Take Your Pills… Or Your Friend’s, Or Your Neighbor’s

About two years ago, I was sitting in my school’s library, the sun had set a long time before and the library was basically empty because everyone had already called it a night. I was staring at my computer screen close to tears. It was one of those awful weeks where the stars had aligned just right, and I had two exams and three ten page papers due. I felt the impending doom and paralyzed by stress, I wasn’t getting very much done. One of my really good friends sensed my anxiety, turned to me and said, “I have an Adderall that you can have, if you want it.”

Netflix recently released the new documentary called Take Your Pills and it sheds light on the secret world of illegal consumption of ADHD and ADD medication. Adderall and other ADD/ADHD medication are intended for people with diagnosed mental differences looking for a way to improve their quality of life. The decision to include medication in daily regiment is often not taken lightly for most families, and is a helpful method for people looking for an attention aid. However, Take Your Pills exposes groups of people without these mental disorders who have found that they like the effects of the medication.The documentary exposes how the drugs are being used as performance enhancers in hypercompetitive environments.

At the beginning of the documentary, college students describe their experiences with Adderall. Ariana, a college sophomore diagnosed with ADHD, recalls her experience of going to college and her parents telling her that she needed to get a lockbox for her medication. She didn’t understand why other people would want to take her pills but soon discovered she had entered a world where everyone was taking Adderall, and not as a treatment for ADHD.

Dr. Wendy Brown, Political Theorist at UC Berkeley, describes the driving force behind the use of Adderall as a performance-enhancing drug. She says that in hypercompetitive environments, people are being tasked with concentrating and performing at their highest capacity for as long as they possibly can. In these competitive environments the question becomes how can you come out on top. As a student, how can you beat everyone else?

I’m a college senior, and it’s hard to describe how easy it is to understand why people turn to performance enhancing pills to make ends meet. In college, there is no such thing as a work-life balance. You’re told that your GPA determines where you can go after college and you compete with your peers to make ensure that your future is bright. This is the same mentality used in every competitive environment where people turn to Adderall. Whether it be as extreme as a career in investment banking, or simply trying to get a promotion over other incredibly intelligent and very worthy co-workers, Adderall is used by students and adults alike to gain a competitive edge over their competition.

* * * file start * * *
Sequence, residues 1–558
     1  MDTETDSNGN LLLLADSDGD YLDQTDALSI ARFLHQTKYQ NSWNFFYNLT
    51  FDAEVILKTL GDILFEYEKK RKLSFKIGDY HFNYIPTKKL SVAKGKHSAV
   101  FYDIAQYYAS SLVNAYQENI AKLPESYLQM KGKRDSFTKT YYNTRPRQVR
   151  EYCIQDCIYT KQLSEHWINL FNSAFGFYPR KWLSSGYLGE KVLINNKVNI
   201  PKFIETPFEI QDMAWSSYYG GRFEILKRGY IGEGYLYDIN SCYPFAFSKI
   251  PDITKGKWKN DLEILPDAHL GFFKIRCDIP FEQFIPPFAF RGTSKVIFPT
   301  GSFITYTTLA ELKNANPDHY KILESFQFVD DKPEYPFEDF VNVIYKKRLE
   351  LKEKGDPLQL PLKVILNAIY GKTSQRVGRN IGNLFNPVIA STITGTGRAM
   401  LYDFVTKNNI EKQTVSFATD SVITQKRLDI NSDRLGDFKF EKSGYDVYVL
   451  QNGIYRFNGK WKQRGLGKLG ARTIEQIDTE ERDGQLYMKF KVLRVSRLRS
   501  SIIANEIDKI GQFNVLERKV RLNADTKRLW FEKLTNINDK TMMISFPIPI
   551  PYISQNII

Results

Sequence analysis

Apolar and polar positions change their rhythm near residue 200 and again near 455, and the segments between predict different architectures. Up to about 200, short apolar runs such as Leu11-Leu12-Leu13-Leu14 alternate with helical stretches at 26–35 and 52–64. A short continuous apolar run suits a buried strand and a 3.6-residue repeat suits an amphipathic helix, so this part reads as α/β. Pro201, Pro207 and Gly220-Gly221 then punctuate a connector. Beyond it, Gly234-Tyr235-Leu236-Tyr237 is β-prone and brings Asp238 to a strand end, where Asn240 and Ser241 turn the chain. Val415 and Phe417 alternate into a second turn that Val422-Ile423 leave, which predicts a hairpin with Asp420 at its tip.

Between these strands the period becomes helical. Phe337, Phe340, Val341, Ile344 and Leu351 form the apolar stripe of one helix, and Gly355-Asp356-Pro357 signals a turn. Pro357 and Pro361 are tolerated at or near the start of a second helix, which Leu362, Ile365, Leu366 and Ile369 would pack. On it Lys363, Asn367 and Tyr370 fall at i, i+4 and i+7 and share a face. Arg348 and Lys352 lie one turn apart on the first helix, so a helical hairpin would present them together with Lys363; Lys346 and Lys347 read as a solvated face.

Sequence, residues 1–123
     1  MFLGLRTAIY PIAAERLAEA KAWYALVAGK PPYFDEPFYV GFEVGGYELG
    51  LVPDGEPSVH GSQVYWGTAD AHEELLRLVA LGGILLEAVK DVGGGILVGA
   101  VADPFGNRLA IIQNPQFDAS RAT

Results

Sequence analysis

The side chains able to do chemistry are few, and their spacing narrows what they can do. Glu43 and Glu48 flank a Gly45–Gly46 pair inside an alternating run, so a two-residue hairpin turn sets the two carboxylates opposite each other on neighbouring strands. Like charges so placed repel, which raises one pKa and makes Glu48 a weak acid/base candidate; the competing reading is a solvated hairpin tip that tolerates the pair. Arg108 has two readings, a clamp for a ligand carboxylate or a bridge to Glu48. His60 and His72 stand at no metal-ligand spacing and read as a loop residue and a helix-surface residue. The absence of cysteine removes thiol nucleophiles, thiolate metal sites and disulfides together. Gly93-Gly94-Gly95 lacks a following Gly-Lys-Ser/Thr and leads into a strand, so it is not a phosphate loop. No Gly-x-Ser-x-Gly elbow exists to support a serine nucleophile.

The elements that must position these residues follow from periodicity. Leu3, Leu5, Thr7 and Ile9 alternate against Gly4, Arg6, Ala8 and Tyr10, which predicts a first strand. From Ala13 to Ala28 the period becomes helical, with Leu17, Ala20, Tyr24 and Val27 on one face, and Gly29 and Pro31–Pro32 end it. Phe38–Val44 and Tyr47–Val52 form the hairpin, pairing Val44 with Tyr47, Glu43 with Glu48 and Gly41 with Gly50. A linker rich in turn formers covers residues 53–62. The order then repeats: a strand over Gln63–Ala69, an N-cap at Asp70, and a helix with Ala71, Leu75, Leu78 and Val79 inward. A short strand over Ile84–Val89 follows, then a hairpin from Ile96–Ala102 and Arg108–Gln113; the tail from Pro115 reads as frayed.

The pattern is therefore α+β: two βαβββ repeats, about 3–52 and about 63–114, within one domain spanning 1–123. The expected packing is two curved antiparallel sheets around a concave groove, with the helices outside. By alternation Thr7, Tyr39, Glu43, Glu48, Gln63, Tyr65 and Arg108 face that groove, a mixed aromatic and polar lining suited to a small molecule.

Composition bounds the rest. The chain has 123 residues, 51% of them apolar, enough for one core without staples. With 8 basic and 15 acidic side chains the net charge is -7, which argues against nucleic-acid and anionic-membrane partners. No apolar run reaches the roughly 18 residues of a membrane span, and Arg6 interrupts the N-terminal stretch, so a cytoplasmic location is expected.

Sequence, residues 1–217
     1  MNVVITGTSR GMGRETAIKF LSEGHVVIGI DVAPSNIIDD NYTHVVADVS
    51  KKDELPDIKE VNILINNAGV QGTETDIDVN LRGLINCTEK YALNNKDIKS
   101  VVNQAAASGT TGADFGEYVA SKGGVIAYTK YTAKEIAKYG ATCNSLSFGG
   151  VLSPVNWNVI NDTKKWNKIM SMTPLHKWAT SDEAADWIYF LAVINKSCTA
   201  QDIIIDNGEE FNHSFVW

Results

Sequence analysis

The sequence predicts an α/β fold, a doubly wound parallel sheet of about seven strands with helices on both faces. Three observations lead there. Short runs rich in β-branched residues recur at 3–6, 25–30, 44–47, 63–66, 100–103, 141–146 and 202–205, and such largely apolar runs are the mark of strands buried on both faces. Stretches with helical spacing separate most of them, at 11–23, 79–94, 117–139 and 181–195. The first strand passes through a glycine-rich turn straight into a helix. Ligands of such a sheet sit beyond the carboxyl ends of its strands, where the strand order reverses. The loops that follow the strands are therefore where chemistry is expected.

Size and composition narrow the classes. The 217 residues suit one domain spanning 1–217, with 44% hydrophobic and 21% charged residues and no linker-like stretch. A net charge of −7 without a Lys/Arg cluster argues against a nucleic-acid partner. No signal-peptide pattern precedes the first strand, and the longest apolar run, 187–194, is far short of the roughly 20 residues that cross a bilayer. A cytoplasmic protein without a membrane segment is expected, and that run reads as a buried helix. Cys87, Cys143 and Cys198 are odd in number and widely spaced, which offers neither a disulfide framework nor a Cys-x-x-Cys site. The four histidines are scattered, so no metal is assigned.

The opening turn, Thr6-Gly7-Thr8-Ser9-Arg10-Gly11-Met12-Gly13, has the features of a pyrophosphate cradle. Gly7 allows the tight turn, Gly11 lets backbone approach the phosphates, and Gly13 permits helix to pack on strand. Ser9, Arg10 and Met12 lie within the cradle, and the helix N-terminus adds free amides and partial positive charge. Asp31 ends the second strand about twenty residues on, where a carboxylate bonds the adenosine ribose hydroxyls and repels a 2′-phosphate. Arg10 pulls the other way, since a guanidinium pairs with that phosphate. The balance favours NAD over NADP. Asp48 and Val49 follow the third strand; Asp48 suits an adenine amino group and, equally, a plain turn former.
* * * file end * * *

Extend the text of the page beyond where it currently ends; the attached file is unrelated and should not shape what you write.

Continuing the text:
In Take Your Pills, Delaney, a college junior, calls Adderall “Rx gold” and very openly admits that people will steal the drugs because everyone wants to be the perfect student. She says that everyone wants to be beautiful and skinny, have amazing grades, and go out with friends. She says Adderall ties it all together; it’s a pill that lets you do it all. But is that really the case? And as we know choices come with consequences, and in watching Take Your Pills, we must ask ourselves, what are we giving up by having it all?

That night in the library, as well as every other time I have been offered Adderall, I have turned down the offer. I have never taken Adderall or any other ADHD or ADD medication, but I definitely understand the appeal. Take Your Pills shows many examples of students, athletes and coders who take Adderall and excel. While watching the documentary, I began to wonder if I had been doing college completely wrong, imagining a life if I had been begging my doctor for a prescription, but then I remembered what I decided that night in the library, a long time ago.

Not only is it disrespectful to those people actually needing the medication who are working hard, but I thought that even if it meant sobbing in the library in the wee hours of the morning, I wanted to feel that everything that I accomplished was a direct result of my hard work. We live in a society where it seems like there’s a pill to make you better at everything, and I decided that I wanted to take a step back and just be proud of myself for who I am.

Have you watched the Netflix Documentary Take Your Pills? Do you think people without an ADHD or ADD diagnosis are taking Adderall and Ritalin as performance enhancers? Let us know in the comment section below!

Put Your Brain to Bed: 5 Tips for Better Sleep

After a long day at work, juggling what seems like one too many responsibilities, and chasing after children, you’ve finally made it to the end of your day. Now, you’re snuggled in your bed, cocooned in blankets, and closing your eyes waiting for the miracle of sleep to wash over you. Even though you’re about to get a much needed break, your brain is going to be hard at work playing catch-up.

During the night our brain cycles through different stages of sleep. These different stages of sleep help our brains process and store information that we encountered during the day. The National Sleep Foundation recommends that children get about 10 hours of sleep and adults get about 8 hours of sleep per night. This amount of sleep allows our brains an adequate amount of time to store memories and repair itself. If we don’t reach our recommended amount of sleep, then we put ourselves at risk for sleep deprivation.

While as a culture we might joke about not getting enough resting time, sleep deprivation can cause an array of health problems. A common symptom of mild sleep deprivation is the inability to focus. Harvard Medical School explains that a lack of sleep results in our brain cells, neurons, becoming overworked. Overworked neurons cannot function correctly and this results in lower levels of focus, attention, and an inability to access information stored in our brains.